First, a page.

All alternative sweeteners are imported. According to Venazucar, the consumption of these sweeteners has been growing but they still only represent about 1 percent of the total sugar consumption in the country.
VENAZUCAR estimates imports of raw sugar at 750,000 metric tons and 100,000 metric tons of refined sugar nearly all from Brazil and some from Central America.
The present base tariff on sugar is 20 percent ad valorem calculated on a CIF price basis.
Venezuela joined Mercosur (Mercado Comun del Sur) as a member on July 31, 2012.
Brazil (as the main sugar supplier), Argentina, Uruguay and Paraguay enjoy duty free entry.
Bilateral agreements signed between Venezuela and Guatemala, Colombia Nicaragua and El Salvador also give sugar from these countries duty free entry.
Price controls, land expropriations, lack of transportation, security concerns, lack of inputs, fertilizers and even labor force problems all have a negative impact on production.
Although the BGV announced in 2012 that production would increase in the government mills, this apparently has not materialized.
Refined sugar continues to be under the retail price control policy established by the government in 2003. In January 2012, the BGV increased the regulated consumer price to 6.11 Bolivars per kilogram (1 US$ = 6.3 Bolivars).
In February 2013, private sugar producers met with representatives of the Ministry of Agriculture and Lands to request a price rise to 9 Bolivars per kilogram. (1 US$ = 6.3 Bolivars). Producers argued that future production would be in jeopardy if the price is not raised. To date, there has been no decision by the government.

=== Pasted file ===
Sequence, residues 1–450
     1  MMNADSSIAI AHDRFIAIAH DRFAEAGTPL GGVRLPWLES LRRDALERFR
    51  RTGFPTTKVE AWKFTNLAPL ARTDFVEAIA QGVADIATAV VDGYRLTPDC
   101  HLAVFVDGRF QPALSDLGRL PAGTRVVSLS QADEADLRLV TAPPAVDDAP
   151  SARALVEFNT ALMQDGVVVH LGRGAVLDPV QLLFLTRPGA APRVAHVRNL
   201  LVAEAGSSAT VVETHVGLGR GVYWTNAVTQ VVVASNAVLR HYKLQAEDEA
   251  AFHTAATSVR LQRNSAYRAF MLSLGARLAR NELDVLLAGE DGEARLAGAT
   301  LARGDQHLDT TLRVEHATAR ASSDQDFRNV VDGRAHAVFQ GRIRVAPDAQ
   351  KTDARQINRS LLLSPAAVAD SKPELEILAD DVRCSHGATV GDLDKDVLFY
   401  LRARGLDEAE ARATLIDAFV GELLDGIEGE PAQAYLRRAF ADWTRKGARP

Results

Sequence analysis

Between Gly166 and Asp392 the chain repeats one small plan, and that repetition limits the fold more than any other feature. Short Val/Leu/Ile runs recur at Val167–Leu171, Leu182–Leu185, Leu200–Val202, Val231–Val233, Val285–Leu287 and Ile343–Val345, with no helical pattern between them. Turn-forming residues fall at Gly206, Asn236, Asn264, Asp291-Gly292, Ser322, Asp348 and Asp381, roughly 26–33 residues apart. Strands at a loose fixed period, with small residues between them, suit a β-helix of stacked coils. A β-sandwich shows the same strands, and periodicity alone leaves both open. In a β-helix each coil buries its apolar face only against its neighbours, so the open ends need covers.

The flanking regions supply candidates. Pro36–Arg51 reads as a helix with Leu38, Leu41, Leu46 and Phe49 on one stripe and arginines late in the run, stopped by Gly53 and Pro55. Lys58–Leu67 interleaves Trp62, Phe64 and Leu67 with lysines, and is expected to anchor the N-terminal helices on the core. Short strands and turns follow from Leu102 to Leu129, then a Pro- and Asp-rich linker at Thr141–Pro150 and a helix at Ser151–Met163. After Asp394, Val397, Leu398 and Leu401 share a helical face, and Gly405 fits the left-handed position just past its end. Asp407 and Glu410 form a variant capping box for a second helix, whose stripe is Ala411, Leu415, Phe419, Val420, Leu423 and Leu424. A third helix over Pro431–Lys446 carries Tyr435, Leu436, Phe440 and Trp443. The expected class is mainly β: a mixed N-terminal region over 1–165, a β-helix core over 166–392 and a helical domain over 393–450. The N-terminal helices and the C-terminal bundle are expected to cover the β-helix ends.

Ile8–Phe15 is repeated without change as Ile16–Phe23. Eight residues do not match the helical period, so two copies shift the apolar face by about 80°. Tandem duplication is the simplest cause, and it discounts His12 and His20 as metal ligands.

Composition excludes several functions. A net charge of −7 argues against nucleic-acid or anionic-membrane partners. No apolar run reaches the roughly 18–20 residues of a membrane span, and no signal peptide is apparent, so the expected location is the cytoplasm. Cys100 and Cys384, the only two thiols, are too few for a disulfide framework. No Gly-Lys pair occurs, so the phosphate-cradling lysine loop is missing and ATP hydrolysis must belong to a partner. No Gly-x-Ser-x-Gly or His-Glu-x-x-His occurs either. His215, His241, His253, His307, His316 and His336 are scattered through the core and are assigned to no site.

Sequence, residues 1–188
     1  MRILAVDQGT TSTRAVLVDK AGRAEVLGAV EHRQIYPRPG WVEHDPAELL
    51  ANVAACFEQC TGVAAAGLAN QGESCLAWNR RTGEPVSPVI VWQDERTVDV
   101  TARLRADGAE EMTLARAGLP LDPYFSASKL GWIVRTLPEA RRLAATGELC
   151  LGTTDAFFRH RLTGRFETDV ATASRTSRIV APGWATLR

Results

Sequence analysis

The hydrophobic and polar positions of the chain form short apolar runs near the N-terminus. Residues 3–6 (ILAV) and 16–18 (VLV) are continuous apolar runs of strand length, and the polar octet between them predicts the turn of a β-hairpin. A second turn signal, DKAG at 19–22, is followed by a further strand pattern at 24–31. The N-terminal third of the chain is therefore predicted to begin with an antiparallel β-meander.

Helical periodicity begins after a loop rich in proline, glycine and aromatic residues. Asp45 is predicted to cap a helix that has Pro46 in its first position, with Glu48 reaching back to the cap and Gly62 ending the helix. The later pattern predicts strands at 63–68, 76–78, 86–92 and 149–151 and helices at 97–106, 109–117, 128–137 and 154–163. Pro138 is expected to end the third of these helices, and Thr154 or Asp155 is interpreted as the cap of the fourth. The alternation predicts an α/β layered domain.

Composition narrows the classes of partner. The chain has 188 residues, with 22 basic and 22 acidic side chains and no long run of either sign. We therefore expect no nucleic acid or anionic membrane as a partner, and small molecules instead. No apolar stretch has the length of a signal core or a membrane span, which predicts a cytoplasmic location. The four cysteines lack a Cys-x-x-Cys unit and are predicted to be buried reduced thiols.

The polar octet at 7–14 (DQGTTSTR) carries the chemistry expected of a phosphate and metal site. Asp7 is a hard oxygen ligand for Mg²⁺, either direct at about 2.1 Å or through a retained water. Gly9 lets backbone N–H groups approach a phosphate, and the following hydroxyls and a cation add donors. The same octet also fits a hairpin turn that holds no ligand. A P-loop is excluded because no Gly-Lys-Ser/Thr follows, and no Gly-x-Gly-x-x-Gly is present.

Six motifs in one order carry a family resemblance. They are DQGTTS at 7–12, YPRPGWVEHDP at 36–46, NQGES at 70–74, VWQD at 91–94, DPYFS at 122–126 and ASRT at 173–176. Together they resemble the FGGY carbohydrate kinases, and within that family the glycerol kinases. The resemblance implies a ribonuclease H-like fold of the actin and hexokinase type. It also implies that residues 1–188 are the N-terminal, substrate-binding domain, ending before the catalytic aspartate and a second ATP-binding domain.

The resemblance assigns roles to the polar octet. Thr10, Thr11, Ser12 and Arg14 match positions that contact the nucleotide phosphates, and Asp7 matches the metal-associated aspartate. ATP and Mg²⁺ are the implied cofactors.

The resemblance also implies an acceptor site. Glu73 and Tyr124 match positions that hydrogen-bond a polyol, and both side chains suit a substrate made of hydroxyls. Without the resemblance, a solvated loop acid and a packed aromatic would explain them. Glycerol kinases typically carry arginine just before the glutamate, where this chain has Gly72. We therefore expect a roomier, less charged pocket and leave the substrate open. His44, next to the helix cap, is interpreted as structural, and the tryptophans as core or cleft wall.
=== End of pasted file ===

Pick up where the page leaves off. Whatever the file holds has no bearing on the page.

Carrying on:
Representatives of the National Federation of Associations of Venezuelan Cane Producers (FESOCA) also met with officials from the Ministry of Agriculture and Lands to discuss the price and emphasized that the cost of production has increased since last year and that the current sugar price is insufficient to cover production costs..
The list of regulated consumer prices published on the Official Gazette No 39,835 shows:
• A kilogram of refined sugar Bs. 6.11
• 900 grams of refined sugar Bs. 5.59
• A kilogram of brown sugar Bs. 5.88
• 900 grams of brown sugar Bs. 5.29
The BGV’s retail network MERCAL (Mercado de Alimentos C.A.), markets food products at low prices. The price of a kilogram of refined sugar is Bs. 1.72 in their stores.
As mentioned above, both the government and the private sector currently sell refined sugar. Sugar millers continue to offer refined sugar under their brands through Venezuela’s traditional retail sector (supermarkets, “mom and pop” stores, convenience stores, etc). On the other hand, the BGV directly imports raw and refined sugar through its food purchasing entity, CASA, (Corporación de Abastecimiento y Servicios Agricolas) and then sells it through its MERCAL food distribution stores at lower retail prices. The stores sell government-subsided products to the lower economic classes.
The Venezuelan consumer prefers refined sugar but shortages in early 2011 opened the market for different sugar products. Brown sugar and fruit lactose products have multiplied and are now options for consumers. Fruit lactose products are not currently priced controlled